Hensarling's colleagues voted him into the House leadership for the 2011-12 session as head of the entire Republican caucus. But he gave up that position in 2013 to take the gavel on the House Financial Services Committee, which has allowed him to reshape regulatory policy.
The tougher rules and expanded regulatory powers in Dodd-Frank made it the perfect target for Hensarling.
He opposed the bill when it passed Congress in 2010 and last year produced his first version of the Financial Choice Act to dramatically scale it back. The legislation was approved by his committee. But major obstacles in the Senate and a surefire veto from then-President Obama helped keep the bill from even getting a vote by the full House.
Hensarling has made revisions to the bill and was open to suggestions from small bankers, said Camden Fine, president of the Independent Community Bankers of America. He estimated he's had 15-20 meetings with Hensarling since he became chairman.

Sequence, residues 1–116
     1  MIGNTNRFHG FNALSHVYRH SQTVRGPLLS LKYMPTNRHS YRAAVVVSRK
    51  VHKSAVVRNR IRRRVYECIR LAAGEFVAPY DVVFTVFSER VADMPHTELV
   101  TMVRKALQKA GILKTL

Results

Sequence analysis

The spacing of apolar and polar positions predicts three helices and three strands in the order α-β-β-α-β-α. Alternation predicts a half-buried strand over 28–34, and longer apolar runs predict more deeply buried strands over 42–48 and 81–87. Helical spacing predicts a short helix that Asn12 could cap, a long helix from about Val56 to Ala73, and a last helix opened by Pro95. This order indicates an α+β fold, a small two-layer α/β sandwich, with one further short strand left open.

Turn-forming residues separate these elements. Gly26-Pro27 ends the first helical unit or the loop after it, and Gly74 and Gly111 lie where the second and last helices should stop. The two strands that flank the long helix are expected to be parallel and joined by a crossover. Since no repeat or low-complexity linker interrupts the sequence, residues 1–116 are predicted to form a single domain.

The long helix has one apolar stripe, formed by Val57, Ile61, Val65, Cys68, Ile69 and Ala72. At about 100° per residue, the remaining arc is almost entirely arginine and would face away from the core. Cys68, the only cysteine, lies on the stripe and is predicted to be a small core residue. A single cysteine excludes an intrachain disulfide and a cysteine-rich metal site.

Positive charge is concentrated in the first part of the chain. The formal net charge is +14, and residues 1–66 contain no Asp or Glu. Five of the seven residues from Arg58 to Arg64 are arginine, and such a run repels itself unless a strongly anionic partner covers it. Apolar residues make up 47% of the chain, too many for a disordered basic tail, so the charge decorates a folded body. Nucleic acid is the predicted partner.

"At first I was a little apprehensive because he sort of has a reputation for being dogmatic," Fine said. "But I have to say, genuinely, he's always been very open with me, open to suggestions, and we've had good dialogues."
Waters had a different experience. She said Hensarling wasn't open to changes from Democrats on the committee.
The committee approved the legislation last month on a party line 34-26 vote. It passed the House on Thursday with a similar partisan breakdown — all but one Republican voted for it, while no Democrats did.